• Bob Van Noy
          November 2, 2017 at 10:08

          By the way. Thank you James DiEugenio for your many years of accurate reporting…

    • john wilson
      November 2, 2017 at 12:08

      I read the article Mike, very interesting, thanks

  10. mike k
    November 2, 2017 at 07:02

    It all shows why there will never be a definitive history of anything. History is a mystery – a crime with many perpetrators……

    “History is a nightmare, from which I am trying to awake.” (James Joyce)

    • November 2, 2017 at 11:35

      “History is a nightmare, from which I am trying to awake.” (James Joyce)…a very appropriate quote, Mike!

  11. elmerfudzie
    November 2, 2017 at 06:55

    A. J. Woolston-Smith was a British National and New York Private detective who predicted the Watergate Break-in. I quote him: Listen, mate,” he says in his New Zealand accent, “after Watergate there were a whole slew of stories around. I never heard such twaddle.” Three months prior to Watergate, he warned the Democratic National Committee about the plan to bug their offices. It has been suggested that the DNC bugging was deliberately bungled to ruin Richard Nixon. William Haddad, a newspaper publisher and he also held a position with New York state assembly’s office of legislative oversight and analysis said that Smith was the very best in his field, could get the goods on just about any corporation within 24 hours. On March 23, 1972, Haddad wrote a letter to the DNC’s, O’Brien explaining that important Intel has crossed his desk concerning the strong likelihood that the GOP acquired very sophisticated surveillance techniques. Further, that Smith learned (through his Intel contacts) that James McCord purchased a state of the art scanner for monitoring bugs. John Stewart, the DNC communications director, decided to meet with Smith and Haddad, who in turn tipped Jack Anderson too but no one in Washington seemed to believe any of it because the facts were obtained by covert means and by definition deemed untrustworthy (as to verifiable sources). Noteworthy, was Smith’s partnership with a security consulting firm, Science Security Associates NYC and his detective work that uncovered, as a private eye for the New York state assembly, facts and documentation on the pollution of Love Canal, and uncovered misuse of funds by executives of the Port Authority of New York and New Jersey.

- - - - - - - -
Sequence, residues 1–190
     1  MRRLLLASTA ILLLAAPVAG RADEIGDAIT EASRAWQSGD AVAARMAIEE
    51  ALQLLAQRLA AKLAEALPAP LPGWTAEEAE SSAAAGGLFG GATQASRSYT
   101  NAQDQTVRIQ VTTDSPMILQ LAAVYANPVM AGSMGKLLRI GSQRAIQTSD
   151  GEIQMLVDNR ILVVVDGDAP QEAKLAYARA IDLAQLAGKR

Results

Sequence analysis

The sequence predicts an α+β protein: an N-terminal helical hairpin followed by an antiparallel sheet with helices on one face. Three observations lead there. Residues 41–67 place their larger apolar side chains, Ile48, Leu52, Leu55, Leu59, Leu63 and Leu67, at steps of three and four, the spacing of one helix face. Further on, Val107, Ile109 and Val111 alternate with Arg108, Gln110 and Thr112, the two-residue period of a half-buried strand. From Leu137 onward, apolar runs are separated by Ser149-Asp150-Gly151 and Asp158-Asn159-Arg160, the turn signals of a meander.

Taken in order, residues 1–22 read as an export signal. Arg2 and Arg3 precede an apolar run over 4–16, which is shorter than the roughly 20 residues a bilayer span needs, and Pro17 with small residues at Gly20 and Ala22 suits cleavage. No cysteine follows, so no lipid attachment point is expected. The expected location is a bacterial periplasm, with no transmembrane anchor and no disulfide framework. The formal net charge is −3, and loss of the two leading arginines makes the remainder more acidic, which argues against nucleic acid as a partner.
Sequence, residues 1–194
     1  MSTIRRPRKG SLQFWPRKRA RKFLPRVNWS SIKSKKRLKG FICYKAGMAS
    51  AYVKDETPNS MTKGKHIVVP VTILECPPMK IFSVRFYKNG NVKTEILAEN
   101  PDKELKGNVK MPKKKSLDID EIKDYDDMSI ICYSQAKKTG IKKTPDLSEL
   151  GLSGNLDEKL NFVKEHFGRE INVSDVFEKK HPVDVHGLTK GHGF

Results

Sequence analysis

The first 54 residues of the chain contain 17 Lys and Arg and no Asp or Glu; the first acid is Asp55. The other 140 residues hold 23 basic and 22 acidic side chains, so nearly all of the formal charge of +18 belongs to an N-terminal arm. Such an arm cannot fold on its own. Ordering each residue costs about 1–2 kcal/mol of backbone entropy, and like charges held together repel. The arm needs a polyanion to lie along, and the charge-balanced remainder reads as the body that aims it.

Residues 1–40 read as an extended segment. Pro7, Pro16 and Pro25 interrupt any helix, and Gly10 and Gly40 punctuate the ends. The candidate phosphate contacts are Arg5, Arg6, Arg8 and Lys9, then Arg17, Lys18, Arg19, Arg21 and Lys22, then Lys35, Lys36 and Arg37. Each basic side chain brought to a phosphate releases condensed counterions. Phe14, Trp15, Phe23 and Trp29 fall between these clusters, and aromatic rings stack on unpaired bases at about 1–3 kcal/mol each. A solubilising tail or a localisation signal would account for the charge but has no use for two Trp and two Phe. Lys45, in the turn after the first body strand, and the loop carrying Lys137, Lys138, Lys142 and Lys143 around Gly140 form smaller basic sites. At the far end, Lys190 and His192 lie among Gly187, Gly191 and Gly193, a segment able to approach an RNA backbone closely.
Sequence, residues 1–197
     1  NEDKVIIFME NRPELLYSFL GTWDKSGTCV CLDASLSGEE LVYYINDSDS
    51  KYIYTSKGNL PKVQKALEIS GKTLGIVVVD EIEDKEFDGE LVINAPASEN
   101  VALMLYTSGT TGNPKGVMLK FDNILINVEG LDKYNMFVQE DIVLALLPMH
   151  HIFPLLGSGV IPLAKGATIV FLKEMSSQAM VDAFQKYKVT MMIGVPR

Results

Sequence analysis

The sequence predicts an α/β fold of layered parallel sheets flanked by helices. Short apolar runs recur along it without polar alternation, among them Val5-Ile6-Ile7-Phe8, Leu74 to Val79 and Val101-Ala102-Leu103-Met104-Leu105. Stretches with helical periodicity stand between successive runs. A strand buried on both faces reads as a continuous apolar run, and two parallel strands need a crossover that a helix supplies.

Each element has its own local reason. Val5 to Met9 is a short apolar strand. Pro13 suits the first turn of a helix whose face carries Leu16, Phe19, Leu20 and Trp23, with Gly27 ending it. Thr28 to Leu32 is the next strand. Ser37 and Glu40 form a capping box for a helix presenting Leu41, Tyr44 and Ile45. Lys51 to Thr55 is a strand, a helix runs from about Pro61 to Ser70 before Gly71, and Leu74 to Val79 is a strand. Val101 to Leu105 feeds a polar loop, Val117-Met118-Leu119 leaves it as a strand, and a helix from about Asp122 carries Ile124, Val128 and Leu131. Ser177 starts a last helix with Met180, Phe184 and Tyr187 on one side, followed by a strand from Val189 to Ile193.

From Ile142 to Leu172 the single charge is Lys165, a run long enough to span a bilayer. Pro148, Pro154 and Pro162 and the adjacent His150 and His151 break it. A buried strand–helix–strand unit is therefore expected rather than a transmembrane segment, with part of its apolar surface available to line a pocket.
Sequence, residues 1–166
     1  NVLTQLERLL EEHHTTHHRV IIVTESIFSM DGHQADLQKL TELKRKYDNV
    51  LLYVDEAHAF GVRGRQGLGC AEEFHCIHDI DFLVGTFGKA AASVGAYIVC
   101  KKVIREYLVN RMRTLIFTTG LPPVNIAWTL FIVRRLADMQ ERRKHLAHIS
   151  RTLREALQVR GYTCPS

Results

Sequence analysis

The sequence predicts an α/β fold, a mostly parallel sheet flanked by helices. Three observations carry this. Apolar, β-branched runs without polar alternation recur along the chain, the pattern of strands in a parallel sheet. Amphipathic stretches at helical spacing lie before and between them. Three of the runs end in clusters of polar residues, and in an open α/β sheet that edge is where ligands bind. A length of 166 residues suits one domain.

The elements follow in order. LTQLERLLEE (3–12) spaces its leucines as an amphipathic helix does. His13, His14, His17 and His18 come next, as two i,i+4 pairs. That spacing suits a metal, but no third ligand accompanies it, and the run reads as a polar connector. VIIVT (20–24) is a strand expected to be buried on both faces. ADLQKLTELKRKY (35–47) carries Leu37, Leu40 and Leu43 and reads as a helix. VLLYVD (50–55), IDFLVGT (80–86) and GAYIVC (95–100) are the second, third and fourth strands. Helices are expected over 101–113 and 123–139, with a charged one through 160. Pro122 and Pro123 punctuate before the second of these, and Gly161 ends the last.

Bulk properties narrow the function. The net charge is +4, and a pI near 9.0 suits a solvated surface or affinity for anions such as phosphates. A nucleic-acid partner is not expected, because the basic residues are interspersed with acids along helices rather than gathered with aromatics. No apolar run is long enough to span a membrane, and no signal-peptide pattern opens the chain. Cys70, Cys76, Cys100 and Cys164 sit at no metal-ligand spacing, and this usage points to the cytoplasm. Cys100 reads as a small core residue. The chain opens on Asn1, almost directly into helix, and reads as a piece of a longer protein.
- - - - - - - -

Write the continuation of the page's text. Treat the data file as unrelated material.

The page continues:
• Joe Tedesky
      November 2, 2017 at 10:06

      Yes elmerfudzie like everything else in American politics the official statement is based upon the ‘cover story’. Whether we are to believe in a ‘single bullet theory’ or like with Watergate we are told it was a ‘botched burglary’ that brought the Watergate plumbers to be discovered, it doesn’t seem to matter, because somewhere along the line investigative reporters do a fantastic job of debunking the ‘cover story’, and then it’s time for the average citizen to go to work, or for them to go look for work, is better put. I guess one could just go about their way, and basically just go on to continue ignoring all of the lies and nonsense, but then for some the truth is all we require, in order for a concerned citizen to appraise the politicial landscape, and then go from there. After a lifetime of listening to these sorry liars I have come to trust no official story put forth by the government. It’s all one big lie.

      • elmerfudzie
        November 2, 2017 at 12:05

        Joe Tedesky- Yes, when a sitting President (Nixon) could not get access to the Kennedy files at the CIA, I knew at once who’s side to be on. The East German’s will forever have one leg up on so-called American Democracy, when, following the collapse of the CCCP the Stasi files were opened and released. You can rest assure that even if such a governmental collapse occurred in the USA , the CIA would incinerate every stitch of evidence in “vault 7” and anything else that might remotely point to their autocratic masters, The Rockefeller Boys. President Truman publicly admitted that creating the CIA was a big mistake and JFK also openly said he’d dismantle it. Over the years I’ve witnessed the CIA’s every maneuver to obstruct the democratic process via the FOI Act and their repeated and dubious distinction, for winning the Rosemary Award(s), blocking information we are, as American citizens at large, entitled to. For example; the ongoing FOIA’s to obtain those documents pertaining to George Joannides. They can redact, obfuscate or delay all they want as an agency-not one single American will ever forgive their dark op’s and the murder of the Kennedy’s. We can assume or rather conclude, certainly by now, that the total revelation of all their shenanigans and political assassinations would cause an insurrection if not a down -right -out right, revolution! Shove your damn files, who needs them!

        • Joe Tedesky
          November 2, 2017 at 13:11